Toyota Motor Corp has shown interest to buy the entire stake of Daihatsu (worth USD3.2 billion) and at the same time denied allegations of a potential tie-up with Suzuki. If any of these were proved to be true, the move will certainly spring about considerable impact on our national cars.
As we all know, Japanese automotive conglomerate, Toyota, owns a few Japanese brands such as Lexus, Hino, and Daihatsu (albeit with a stake of 51.19 percent). Daihatsu has a long established working relationship with Perodua, and as we have seen lately, the small car expert’s main rival is Suzuki, who has just inked the agreement to collaborate with Proton.
Toyota foresees that its acquisition of Daihatsu will allow them to leverage on the lower-cost brand with better efficiency. At the same time, Toyota could use the “Dacia” model by Renault by introducing the Daihatsu brand as a low-cost, affordable vehicle to developing nations. Its Japanese counterpart, Nissan, has already followed the similar playbook via the revival of the Datsun brand.
More so, Daihatsu is currently the group’s underperformer, as sales in 2015 fell by 13.3 percent. Hence, some cash injection from Toyota will be a good boost for both companies. Daihatsu holds a steady position in South East Asia, thanks in part to Perodua who has contributed plenty to Daihatsu’s fortunes.
However, Suzuki’s strong brand presence in India (via Maruti Motors) has stirred Toyota’s interest and will allow Toyota to penetrate the world’s second most populated country in the world.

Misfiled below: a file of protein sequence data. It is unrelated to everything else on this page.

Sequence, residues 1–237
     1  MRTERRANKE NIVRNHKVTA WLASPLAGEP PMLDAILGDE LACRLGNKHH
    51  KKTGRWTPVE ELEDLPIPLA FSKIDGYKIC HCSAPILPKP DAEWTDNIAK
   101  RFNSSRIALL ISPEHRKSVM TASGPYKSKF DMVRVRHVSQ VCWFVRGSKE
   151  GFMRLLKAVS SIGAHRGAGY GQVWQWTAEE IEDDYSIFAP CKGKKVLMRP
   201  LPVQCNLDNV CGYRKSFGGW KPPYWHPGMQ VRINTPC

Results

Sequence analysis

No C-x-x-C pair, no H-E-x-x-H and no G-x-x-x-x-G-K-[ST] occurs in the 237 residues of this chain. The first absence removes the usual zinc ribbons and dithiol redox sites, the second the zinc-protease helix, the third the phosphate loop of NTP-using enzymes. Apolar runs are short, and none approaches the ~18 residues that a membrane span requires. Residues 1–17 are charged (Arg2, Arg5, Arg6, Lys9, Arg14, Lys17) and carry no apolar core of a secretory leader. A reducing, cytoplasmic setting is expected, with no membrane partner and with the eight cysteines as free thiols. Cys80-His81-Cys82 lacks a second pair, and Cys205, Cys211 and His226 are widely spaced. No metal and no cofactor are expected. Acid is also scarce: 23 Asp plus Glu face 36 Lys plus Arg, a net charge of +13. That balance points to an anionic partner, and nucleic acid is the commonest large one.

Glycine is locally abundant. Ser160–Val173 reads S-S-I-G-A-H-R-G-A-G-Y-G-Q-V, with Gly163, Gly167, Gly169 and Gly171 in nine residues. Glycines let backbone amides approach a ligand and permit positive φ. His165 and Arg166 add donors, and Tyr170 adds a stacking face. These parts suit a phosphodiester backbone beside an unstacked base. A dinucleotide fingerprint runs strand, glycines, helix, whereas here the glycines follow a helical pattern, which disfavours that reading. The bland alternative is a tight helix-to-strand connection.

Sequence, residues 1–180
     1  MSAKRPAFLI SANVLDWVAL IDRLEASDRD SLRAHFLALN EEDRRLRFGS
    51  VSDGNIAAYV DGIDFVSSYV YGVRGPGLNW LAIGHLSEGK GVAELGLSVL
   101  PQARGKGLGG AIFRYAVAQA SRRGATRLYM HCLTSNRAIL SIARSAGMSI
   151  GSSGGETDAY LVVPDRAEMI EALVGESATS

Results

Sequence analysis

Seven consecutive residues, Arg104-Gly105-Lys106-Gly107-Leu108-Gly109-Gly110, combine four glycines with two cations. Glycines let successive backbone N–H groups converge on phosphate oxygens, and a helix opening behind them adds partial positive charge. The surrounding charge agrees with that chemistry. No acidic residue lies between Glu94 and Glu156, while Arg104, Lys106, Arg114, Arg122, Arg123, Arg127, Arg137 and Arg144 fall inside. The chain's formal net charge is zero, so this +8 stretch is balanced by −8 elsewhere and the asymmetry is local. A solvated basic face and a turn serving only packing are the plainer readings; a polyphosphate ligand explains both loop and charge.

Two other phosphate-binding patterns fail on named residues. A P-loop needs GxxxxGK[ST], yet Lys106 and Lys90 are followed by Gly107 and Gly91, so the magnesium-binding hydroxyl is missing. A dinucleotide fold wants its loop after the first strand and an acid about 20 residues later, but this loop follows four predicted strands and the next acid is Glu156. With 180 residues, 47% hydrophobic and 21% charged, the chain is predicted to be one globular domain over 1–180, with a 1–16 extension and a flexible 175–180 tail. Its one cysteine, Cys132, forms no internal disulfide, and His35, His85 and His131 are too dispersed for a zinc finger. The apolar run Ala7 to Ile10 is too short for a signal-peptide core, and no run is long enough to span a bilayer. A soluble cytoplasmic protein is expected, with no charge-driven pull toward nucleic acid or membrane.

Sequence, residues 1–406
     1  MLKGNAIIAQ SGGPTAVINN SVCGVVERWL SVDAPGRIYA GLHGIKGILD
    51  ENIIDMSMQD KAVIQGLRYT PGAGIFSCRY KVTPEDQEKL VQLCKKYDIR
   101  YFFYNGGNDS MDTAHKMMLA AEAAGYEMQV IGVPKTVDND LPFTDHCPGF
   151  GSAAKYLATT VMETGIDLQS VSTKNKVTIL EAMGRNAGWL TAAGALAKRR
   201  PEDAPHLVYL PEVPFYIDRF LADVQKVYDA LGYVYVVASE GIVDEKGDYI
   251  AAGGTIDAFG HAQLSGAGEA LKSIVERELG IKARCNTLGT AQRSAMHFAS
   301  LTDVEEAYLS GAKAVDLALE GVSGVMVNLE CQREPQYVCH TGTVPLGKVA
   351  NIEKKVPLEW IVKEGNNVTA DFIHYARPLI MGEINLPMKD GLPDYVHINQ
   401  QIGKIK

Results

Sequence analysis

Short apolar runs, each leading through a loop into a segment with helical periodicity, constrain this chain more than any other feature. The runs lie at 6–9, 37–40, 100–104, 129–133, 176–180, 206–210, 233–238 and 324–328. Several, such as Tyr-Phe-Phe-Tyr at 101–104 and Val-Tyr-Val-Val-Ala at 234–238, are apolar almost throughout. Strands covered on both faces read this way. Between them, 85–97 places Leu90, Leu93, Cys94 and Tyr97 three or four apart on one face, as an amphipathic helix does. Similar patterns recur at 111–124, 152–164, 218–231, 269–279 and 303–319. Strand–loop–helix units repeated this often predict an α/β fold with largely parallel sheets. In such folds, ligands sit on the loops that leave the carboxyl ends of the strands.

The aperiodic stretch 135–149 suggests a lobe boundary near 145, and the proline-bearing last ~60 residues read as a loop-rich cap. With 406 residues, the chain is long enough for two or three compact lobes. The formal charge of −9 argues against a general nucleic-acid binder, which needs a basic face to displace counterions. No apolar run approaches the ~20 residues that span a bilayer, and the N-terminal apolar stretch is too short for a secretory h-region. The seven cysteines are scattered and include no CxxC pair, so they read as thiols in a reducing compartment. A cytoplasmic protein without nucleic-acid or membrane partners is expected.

Suzuki, being a small manufacturer, will be delighted if they are given access to Toyota’s HEV/FCV and other next-generation powertrain in order to develop future Suzuki models. That said, Suzuki remains cautious with tie-ups after its ties with Volkswagen was severed.
Shares from all three companies rose today, with Daihatsu being the biggest gainer at 16 percent, followed by Suzuki at 11 percent. As announced recently, Toyota also retained its title as the world’s top-selling car manufacturer for the fourth year with 10.15 million cars sold in 2015.
So here’s the interesting bit. Based on the two possible scenarios, if Toyota confirms its takeover of Daihatsu, Perodua could clearly benefit from this. This may allow Malaysia’s second car manufacturer to gain access to all Toyota’s parts and technology, unless told otherwise. For example, Perodua may just be able to produce a hybrid vehicle based on Toyota’s famed Hybrid Synergy Drive. A Perodua Myvi hybrid on the cards, perhaps?
However, things will be way off the wall should Toyota choose to go with Suzuki. Toyota could potentially gain indirect ownership of both Proton and Perodua, and Toyota will do henceforth is anyone’s guess. With Proton announcing their brand new engine lineup, just how well will the powertrain work in tandem with Toyota’s technologies? Are we looking at a possible unification, just like British-Leyland?